isolation, as a saint: for it is just holinessthe highest spiritualization of the instinct in
question. Any kind of cognizance of an indescribable excess in the joy of the bath, any kind of
ardour or thirst which perpetually impels the soul out of night into the morning, and out of
gloom, out of "affliction" into clearness, brightness, depth, and refinement:just as much as
such a tendency DISTINGUISHESit is a noble tendencyit also SEPARATES.The pity
of the saint is pity for the FILTH of the human, all-too-human. And there are grades and
heights where pity itself is regarded by him as impurity, as filth.
272. Signs of nobility: never to think of lowering our duties to the rank of duties for
everybody; to be unwilling to renounce or to share our responsibilities; to count our
prerogatives, and the exercise of them, among our DUTIES.
273. A man who strives after great things, looks upon every one whom he encounters on his
way either as a means of advance, or a delay and hindranceor as a temporary resting-place.
His peculiar lofty BOUNTY to his fellow-men is only possible when he attains his elevation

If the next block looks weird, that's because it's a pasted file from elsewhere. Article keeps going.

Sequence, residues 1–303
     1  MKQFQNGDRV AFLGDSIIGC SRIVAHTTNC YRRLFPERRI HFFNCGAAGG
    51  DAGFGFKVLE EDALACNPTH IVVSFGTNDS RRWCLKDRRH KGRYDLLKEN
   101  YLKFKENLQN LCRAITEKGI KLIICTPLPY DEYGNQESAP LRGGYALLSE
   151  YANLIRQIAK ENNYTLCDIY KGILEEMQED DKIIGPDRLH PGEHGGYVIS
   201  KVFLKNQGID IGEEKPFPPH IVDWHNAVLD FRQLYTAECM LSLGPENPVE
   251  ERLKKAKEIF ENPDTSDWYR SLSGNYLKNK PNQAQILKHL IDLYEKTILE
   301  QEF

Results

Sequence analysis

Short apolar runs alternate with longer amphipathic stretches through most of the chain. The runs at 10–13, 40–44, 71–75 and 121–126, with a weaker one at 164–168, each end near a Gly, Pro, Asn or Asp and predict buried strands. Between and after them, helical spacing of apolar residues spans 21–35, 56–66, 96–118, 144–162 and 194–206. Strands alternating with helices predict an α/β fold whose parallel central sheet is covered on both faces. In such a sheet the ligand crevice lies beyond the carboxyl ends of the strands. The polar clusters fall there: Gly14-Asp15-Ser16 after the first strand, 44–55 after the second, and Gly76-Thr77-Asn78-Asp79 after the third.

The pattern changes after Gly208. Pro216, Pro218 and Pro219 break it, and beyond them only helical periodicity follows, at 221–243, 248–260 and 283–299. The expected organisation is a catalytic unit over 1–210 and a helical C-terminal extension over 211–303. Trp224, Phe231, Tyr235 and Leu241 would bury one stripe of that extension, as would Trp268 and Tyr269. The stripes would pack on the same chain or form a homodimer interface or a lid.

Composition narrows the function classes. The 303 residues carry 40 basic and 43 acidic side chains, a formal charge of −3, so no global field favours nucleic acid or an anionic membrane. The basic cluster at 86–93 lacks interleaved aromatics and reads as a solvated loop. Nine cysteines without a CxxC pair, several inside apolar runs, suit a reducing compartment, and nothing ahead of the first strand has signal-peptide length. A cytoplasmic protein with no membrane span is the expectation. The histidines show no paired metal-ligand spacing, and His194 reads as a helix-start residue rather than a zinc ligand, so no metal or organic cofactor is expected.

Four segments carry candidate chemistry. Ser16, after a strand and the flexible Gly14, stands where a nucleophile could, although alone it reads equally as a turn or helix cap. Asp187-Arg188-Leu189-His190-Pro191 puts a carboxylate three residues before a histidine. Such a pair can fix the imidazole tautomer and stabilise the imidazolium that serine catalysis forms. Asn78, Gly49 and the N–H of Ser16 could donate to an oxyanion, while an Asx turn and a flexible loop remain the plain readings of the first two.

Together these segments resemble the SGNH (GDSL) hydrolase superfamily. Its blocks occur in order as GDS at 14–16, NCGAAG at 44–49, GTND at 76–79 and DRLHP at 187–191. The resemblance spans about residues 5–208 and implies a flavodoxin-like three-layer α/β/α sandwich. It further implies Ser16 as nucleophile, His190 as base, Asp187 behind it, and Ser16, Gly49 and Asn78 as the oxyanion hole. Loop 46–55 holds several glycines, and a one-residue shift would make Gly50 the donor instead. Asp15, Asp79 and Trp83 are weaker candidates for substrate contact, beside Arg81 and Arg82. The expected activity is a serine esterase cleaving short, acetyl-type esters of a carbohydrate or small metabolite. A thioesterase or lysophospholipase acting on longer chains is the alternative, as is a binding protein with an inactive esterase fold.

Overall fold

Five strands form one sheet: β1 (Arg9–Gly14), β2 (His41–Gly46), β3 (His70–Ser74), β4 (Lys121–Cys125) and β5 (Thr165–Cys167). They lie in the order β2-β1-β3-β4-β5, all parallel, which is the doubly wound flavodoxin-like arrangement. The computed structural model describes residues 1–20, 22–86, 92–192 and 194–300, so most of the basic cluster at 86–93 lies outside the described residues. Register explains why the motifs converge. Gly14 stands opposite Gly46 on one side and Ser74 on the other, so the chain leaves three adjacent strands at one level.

and dominates. Impatience, and the consciousness of being always condemned to comedy up
to that timefor even strife is a comedy, and conceals the end, as every means doesspoil all
intercourse for him; this kind of man is acquainted with solitude, and what is most poisonous
in it.
274. THE PROBLEM OF THOSE WHO WAIT.Happy chances are necessary, and many
incalculable elements, in order that a higher man in whom the solution of a problem is
dormant, may yet take action, or "break forth," as one might sayat the right moment. On an
average it DOES NOT happen; and in all corners of the earth there are waiting ones sitting
who hardly know to what extent they are waiting, and still less that they wait in vain.
Occasionally, too, the waking call comes too latethe chance which gives "permission" to
take actionwhen their best youth, and strength for action have been used up in sitting still;
and how many a one, just as he "sprang up," has found with horror that his limbs are
benumbed and his spirits are now too heavy! "It is too late," he has said to himselfand has
become self-distrustful and henceforth for ever useless.In the domain of genius, may not the
"Raphael without hands" (taking the expression in its widest sense) perhaps not be the